When asked what advice Season 7 Rory would give Season 5 Rory, Darvill said simply, “Don’t panic.” He followed this with “It’s gonna be alright in the end,” alluding to Rory’s growth. But, Rory’s travails—dying multiple times and waiting 2,000 years for his love—ushered him from bumbling boyfriend to a hero deserving of happiness.

Men now approach Darvill and tell him, “Thanks. I’m never going to live up to that,” referring to the self-sacrificing acts of love that have cemented Rory as a paragon of romance, which works well for Darvill since he declared that he is physically built as a lover, not a fighter.

Kingston declined having older River give younger River advice: “I think she rather likes the way she’s turned out.”  That confidence—and general bad-assery—has made River Song a role model that gets Kingston a lot of compliments and thanks, particularly from women and young girls who credit River Song with helping them through difficult times.

“It’s you, yourself,” Kingston said she wants to tell them, “who’s pulled you through.” The thought sent her into a pensive mode where she encouraged people to embrace life, not sadness, as much as possible.

Darvill and Kingston agreed that River Song got all the good one-liners, but Kingston enjoyed having the Twelfth Doctor (Peter Capaldi) flip the script, greeting Song with her signature “Hello, Sweetie!” in the episode “The Husbands of River Song.”

When asked about the significance of character names, Kingston said she believes Steven Moffat drew inspiration for the moniker River Song from the Van Morrison tune “Crazy Love.” Additionally, Darvill thinks that Rory would have been a completely different person had he been called Thor. Instead, he became Rory—a nervous, socially awkward young man not all that different from Darvill when he first started in the role.

“I panic a lot,” Darvill said. “I definitely run away!”

Characters, Kingston surmised, are like spirits who make occasional appearances in an actor’s everyday person, such as when attending a convention or interview. Kingston described herself as a shy person who changes on stage. “I’m Alex with a sort of sprinkling of River,” she said.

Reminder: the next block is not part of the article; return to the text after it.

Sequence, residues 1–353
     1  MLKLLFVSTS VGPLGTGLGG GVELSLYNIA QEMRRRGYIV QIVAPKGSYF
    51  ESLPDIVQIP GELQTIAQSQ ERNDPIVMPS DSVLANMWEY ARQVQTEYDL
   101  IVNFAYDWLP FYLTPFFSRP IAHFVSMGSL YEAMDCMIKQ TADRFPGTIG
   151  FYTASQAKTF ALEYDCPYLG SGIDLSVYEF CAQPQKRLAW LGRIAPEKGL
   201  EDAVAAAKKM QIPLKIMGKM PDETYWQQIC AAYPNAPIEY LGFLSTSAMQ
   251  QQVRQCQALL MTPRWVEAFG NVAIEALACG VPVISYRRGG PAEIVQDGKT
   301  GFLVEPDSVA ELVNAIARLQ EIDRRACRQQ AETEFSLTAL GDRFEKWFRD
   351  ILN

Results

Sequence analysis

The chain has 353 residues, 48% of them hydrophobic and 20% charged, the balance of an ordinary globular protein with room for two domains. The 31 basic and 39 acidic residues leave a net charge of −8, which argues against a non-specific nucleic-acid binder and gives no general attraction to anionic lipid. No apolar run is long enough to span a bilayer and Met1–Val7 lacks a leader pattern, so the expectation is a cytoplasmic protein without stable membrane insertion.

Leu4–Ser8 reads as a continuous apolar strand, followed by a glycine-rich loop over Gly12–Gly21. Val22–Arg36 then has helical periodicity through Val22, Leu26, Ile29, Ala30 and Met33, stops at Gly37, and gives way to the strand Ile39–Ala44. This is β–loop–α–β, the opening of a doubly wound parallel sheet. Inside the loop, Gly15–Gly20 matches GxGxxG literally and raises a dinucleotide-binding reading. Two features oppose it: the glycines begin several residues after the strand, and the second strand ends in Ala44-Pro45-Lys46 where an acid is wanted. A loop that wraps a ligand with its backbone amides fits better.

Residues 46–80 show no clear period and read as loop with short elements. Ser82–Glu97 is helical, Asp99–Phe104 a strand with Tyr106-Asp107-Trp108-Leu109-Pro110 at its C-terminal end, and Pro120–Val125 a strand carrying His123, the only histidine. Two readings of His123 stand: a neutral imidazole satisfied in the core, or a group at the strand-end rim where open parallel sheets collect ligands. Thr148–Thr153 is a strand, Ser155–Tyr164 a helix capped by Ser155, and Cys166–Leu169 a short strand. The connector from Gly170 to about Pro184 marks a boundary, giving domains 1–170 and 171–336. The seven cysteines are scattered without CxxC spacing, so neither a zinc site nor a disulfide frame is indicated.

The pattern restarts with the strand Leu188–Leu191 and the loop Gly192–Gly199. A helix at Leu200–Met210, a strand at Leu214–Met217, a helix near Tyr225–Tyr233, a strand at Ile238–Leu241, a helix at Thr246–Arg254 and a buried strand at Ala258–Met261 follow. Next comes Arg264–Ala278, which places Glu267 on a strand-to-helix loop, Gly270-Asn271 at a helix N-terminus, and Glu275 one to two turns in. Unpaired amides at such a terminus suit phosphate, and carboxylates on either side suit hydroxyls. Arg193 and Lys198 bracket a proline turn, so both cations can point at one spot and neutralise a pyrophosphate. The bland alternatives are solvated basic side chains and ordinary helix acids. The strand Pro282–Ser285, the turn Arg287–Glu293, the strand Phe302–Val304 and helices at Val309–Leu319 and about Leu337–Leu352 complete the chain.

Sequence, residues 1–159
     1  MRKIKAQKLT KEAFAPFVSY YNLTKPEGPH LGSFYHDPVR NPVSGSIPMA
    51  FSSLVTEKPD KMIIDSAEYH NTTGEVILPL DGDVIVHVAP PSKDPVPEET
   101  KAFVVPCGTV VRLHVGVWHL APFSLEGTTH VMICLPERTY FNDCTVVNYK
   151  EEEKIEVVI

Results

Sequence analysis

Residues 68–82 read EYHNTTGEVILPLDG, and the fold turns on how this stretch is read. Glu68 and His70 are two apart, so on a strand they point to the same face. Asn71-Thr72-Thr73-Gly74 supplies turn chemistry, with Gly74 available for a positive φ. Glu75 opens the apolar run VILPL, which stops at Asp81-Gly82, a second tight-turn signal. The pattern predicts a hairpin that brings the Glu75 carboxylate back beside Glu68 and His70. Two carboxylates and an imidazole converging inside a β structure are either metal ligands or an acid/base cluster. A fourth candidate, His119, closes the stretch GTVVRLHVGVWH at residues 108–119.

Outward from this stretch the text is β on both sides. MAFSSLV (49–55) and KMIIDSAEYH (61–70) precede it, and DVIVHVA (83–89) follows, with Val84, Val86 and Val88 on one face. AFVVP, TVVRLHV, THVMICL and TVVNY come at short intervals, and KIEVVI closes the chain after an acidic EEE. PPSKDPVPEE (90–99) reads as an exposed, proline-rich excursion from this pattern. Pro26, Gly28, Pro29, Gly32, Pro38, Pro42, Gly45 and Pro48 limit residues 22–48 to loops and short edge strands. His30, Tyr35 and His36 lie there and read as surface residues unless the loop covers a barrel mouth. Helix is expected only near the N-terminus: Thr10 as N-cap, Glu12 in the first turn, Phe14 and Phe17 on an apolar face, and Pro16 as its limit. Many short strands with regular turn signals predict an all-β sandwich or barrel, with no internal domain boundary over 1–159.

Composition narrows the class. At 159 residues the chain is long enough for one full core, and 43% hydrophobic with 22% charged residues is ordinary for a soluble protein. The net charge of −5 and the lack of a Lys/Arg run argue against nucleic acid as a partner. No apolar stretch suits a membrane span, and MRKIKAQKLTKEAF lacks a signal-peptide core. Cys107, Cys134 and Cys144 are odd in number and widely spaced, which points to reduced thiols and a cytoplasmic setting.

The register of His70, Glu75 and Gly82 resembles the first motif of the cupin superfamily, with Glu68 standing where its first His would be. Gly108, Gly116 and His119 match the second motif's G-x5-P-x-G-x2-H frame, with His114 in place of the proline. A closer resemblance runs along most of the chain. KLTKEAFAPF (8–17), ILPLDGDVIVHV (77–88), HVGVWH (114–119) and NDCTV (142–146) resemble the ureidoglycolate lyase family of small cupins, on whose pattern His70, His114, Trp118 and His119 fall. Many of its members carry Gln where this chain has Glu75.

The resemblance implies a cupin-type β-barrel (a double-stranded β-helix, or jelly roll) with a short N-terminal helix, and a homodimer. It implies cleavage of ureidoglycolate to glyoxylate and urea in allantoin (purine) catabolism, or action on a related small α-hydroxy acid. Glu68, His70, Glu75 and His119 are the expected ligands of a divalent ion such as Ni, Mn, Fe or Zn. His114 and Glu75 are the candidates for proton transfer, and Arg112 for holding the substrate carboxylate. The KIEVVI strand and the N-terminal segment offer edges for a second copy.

But, the panel wasn’t all seriousness. When asked what they would create if they could design a room in the TARDIS, Darvill said he wanted a swimming pool before Kingston reminded him that the TARDIS already has one. He then listed a slew of theme rooms: Donut room, go-kart room, foot massage room, and a dog room, where you can just pet dogs all day. Kingston was more modest, asking only for a cinema stocked with popcorn and every movie ever made. And, if she could revisit a Who scene as a fly on the wall, she’d like to watch herself slap Smith over and over again.

“Yeah, I’d like to watch that on repeat,” she said with a devious smile.

Darvill would prefer to relive the filming of his last episode—“The Angels Take Manhattan”—which sped by thanks to his heightened sense of awareness that it was last. “I wish I could remember it a bit more,” he said of the emotionally charged episode.

Kingston enjoyed pouring herself into three emotionally tough moments: River Song sacrificing herself to save the Tenth Doctor, saying goodbye to the Eleventh Doctor, and interacting with the Twelfth Doctor in a Christmas Special.

Having known the three most recent Doctors makes River Song unique among companions. And, it gives Kingston an interesting take on the character, but she coyly reserved judgement when asked who she likes best. “They are all the same man,” Kingston said, “They just come in different sizes…[and] I’m not complaining.”

Fortunately, neither was the audience, who Kingston artfully reminded: learning too much too fast (before one is truly ready) ruins the joy in mystery. It was an impactful way to bid adieu.

“Spoilers!” she exclaimed. And the audience exploded into applause.

About the author

Kelly McCorkendale is a dog-lover, avid quilter, and occasional creative writer who loves the color orange and boycotts cable (except Game of Thrones because, well, what if winter is coming!?). After college, she realized poets weren’t in demand, so she shipped off to Madagascar with Peace Corps. Since then, she’s found a niche working on health systems in Africa but has a long-list of life tasks yet to be fulfilled--such as perform blackmail, learn a trade, and become a competitive eater. She has an MA in International Education, believes rice is the elixir of life, and, in high school, won the best supporting actress honor for the state of Missouri. She may also recite poetry (her first love) when imbibing in alcohol.